Sometimes, Three's a Crowd Does your husband spend too much time with his brother? Do your siblings pick on your spouse? Hear two stories and how to deal with siblings that affect your marriage. BY STEVE COOPER
John Riley and his brother are tight. They play golf together, take trips to Vegas, fish and hang out—you know, brother stuff. Not too long ago however, John’s wife Erica, wasn’t exactly feeling the "brotherly love." The problem was that John, 38, was spending virtually all of his free time with his brother, while Erica was left wondering how her twosome became a onesome. After a long period of neglect, Erica, 36, got fed up with the situation and began deleting messages on John’s phone that were left from his brother. John got her message.
Lorna McLaren of Vancouver, British Columbia had sibling problems of her own. But for Lorna, her problem wasn’t that she was spending too much time with her siblings, but that they were torturing her husband. "For years, anytime my husband and I were at family engagements, my siblings would try to irritate him, egg him on to behave badly in front of others," says Lorna. "They knew what bugged him and would plot together scenarios to get him to look like an idiot or get him angry."
Lorna, now 47, recounts a story from their wedding day some 20 years ago. Lorna’s brother hired a justice of the peace that happened to be a real estate agent. Coincidentally, Lorna’s husband was also a real estate agent, but for a competing company. When it came time to sign the wedding certificate, Lorna’s husband—a German man who puffs his chest when irritated—refused because the justice of the wanted him to sign with his competitor’s pen. Lorna’s siblings were pleased.
When it comes to siblings and marriage, you get to pick your spouse, but you can’t pick the rest of the family. In John’s case, there was too much love—in Lorna’s, not enough. It's not uncommon for sibling behavior to affect a marriage. Some brothers and sisters are bad influences, some are too needy, and others are just vindictive. Dr. Charles Sophy, a psychiatrist in Beverly Hills, California, addresses what to do when a sibling affects your spouse’s behavior.
It's important to first identify if it's a new behavior or an existing behavior that's never been extinguished. If it's a new behavior, "that's telling you that there's a conflict going on that he’s either not dealing with or dealing with in a pretty immature, regressed way," says Sophy. If it's an old behavior, "[The spouse] kind of knew going into it and now evolved from it and doesn't do it anymore."
Once you've nailed down the behavior pattern, Sophy recommends you first take a look at yourself and offers five points you should examine:
1. Assess how your sleep is.
2. Do you work? If not, is it gratifying? If the answer is no, you may need to beef that up.
3. Are you eating healthy and regularly?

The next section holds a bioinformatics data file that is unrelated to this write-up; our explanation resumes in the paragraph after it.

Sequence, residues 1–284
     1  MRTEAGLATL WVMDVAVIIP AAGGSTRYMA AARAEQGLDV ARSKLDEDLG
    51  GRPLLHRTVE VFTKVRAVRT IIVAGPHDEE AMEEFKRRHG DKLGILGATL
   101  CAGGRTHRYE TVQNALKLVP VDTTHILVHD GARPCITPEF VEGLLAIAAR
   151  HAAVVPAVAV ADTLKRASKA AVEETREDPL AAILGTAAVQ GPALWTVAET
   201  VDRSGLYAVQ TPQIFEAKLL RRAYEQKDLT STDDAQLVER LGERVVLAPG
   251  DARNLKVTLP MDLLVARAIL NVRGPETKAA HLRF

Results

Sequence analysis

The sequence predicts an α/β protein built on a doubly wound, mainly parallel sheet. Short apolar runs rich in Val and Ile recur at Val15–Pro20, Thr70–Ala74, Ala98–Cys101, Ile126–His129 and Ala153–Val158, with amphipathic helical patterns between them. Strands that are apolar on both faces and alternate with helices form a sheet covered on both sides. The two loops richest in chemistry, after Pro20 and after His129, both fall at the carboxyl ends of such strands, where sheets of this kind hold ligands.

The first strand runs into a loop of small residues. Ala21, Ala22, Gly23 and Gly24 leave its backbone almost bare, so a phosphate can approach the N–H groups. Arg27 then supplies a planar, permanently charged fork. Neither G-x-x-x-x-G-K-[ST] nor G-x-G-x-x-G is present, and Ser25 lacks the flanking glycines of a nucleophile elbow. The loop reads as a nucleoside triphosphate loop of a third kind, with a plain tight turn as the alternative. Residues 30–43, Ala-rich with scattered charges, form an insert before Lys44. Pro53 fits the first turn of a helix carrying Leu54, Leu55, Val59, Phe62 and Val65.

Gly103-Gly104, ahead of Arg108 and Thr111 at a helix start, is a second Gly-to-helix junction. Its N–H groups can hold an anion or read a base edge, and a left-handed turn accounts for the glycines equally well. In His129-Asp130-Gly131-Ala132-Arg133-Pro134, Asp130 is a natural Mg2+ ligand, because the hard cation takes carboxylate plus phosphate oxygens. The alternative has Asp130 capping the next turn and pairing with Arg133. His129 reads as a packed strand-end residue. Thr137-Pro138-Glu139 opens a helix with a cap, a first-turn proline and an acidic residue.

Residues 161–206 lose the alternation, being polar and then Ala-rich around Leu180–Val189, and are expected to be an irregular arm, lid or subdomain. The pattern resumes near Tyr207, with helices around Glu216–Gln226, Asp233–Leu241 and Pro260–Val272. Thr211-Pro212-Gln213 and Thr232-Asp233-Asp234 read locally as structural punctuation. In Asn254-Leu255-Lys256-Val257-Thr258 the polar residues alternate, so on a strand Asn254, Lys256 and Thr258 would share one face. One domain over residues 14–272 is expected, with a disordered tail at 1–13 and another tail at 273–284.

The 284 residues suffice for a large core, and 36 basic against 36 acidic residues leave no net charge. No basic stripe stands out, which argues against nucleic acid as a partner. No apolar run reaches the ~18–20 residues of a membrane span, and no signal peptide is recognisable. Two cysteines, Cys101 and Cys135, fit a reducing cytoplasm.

4. Are you getting enough exercise and expression of self?
5. How's your playtime and socialization?
Then assess your spouse (preferably without them knowing).
This should give you some good information and a better understanding to move forward. "You'll see things, like either he’s not happy in his work or sex life and their expression of self peace isn’t working, or something’s brewing," says Sophy. Now when approaching your spouse, after you’ve flexed your Sherlock skills, don’t address them in an accusatory manor. Instead, build on their strengths. Tell them about your happiness in the relationship, then build up to the shortcomings.
Dr. Karen Gail Lewis, who is currently working on a book about relationships between siblings and how they influence each other, has another possible root cause of behavior change. "They may not feel ready to take on responsibility," says Lewis, who is also the author of Siblings In Therapy. She says it could be a way for them to unconsciously avoid excepting the responsibilities of a wife and/or kids.
In Lorna's situation, her siblings were acting out and affecting her marriage, Sophy suggests that if the rebelling siblings are also married, approach their spouses about the situation. Most likely, they too are not pleased with the situation. He reiterates, however, that the conversations should be based on strengths, not weaknesses.
At the time, Lorna was completely unaware of her siblings’ elaborate plots against her husband. Lorna chalked them up as good fun and coincidences when, in fact, they were premeditated slights. Lorna's husband saw through the situation and would get angry. Lorna would stick up for her siblings, and fights ensued. Eventually, the fights and awkwardness at family gatherings became a piece in their divorce nine years after they married.
For John and Erica, they realized that it wasn't John's brother who was the problem, it was the lack of time Erica was spending with her husband. Now, rather than playing switchboard with John’s incoming messages, Erica has been taking golf lessons. And just last weekend, she found herself on a golf course with her husband . . . and his brother.